Study recommends where medical students will learn more about effective end of life care…

The information is fascinating, but the fact that they have gathered the information and then used it to direct medical students to hospitals where they might learn addressing needs at the end of life is even more fascinating!

“The Dartmouth Atlas of Health Care uses Medicare data to understand differences in medical care across U.S. hospitals… This report is part of a new effort to provide medical students with information about the patterns of care provided by teaching hospitals with residency training programs…. This report offers shines a light on hospital characteristics that are often invisible but are part of the hidden training curriculum that can affect a lifetime of practice.

These include how aggressively physicians ateach hospital treat chronically ill patients at the end of life, and the frequency with which patients undergo surgery when other treatment options are available. The authors of this report (who are physicians in training) believe that the wise use of health care resources and respect for patient preferences are just as important as learning to work up a patient….

Most  importantly, for many patients with chronic illness, more hospital days do not lead to a longer or better quality of life. Use of ICUs and reliance on hospice: Many heroic and life-saving measures occur in ICUs, where aggressive efforts are made to resuscitate patients and keep them alive. There are times, however, when these measures are more harmful than heroic—and they may be unwanted by the patient. In hospitals where a high percentage of deaths occur in the hospital and in the ICU, there is less emphasis on hospice care.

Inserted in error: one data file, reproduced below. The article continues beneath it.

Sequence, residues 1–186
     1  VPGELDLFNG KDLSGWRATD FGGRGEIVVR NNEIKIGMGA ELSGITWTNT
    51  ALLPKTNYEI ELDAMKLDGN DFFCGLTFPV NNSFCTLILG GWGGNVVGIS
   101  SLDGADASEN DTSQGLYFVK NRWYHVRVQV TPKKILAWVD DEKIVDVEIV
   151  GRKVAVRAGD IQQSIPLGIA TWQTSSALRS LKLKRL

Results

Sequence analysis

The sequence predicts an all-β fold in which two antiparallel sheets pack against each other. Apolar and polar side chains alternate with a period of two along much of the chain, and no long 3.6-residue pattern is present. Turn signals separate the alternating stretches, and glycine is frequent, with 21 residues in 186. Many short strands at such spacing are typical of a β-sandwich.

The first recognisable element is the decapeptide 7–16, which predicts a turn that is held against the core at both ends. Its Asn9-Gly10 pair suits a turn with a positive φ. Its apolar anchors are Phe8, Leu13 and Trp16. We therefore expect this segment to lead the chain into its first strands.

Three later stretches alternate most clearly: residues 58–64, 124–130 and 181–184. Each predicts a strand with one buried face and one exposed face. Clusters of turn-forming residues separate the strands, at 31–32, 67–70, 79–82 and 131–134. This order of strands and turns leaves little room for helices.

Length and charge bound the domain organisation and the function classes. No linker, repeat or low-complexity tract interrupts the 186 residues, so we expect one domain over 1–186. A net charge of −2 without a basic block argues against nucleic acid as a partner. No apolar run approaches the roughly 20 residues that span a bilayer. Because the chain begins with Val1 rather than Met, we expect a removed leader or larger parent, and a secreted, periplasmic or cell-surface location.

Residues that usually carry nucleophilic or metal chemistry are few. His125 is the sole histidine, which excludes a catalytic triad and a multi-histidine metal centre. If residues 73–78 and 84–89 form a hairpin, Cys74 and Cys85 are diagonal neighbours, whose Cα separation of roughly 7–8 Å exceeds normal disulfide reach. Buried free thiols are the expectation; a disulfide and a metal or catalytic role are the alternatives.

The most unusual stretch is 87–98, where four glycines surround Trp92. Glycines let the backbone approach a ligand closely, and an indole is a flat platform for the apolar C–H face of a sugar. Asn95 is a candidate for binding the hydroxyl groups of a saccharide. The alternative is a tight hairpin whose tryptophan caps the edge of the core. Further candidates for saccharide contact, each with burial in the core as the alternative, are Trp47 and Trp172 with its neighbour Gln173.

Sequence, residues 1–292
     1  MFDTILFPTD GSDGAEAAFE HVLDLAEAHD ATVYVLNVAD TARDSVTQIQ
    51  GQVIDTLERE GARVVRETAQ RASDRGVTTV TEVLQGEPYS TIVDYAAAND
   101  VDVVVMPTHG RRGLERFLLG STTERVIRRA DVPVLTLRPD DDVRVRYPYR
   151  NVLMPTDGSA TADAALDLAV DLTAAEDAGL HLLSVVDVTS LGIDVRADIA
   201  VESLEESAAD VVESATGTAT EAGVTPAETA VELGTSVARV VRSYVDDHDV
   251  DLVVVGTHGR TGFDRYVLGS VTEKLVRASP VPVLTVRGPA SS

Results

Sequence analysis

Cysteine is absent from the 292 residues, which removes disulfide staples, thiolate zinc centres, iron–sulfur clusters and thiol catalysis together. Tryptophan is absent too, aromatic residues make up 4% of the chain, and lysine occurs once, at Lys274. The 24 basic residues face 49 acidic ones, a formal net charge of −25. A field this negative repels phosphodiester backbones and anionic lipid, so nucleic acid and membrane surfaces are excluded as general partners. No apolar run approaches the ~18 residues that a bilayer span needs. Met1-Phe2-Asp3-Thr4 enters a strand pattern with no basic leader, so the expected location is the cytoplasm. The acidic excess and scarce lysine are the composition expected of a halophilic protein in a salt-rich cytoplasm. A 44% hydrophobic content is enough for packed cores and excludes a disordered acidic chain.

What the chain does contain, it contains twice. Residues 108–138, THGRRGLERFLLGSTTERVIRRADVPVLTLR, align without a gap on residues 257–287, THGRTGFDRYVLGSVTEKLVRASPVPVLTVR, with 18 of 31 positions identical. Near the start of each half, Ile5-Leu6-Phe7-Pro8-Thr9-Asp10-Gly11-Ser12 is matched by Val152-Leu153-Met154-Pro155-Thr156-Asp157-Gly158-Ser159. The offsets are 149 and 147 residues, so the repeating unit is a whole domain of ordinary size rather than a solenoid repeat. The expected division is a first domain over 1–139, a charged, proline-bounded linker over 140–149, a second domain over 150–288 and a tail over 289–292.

After comparing hospitals, the authors suggest where medical students may prefer to learn, and where they may be better trained in having discussions with patients about their preferences for end-of-life care.”

Way to go Dr Aurora and Dr True!  This is a valuable tool for medical students, and to hospital leaders who may examine the data and understand more about their biases in providing acute, intensive care vs hospice care.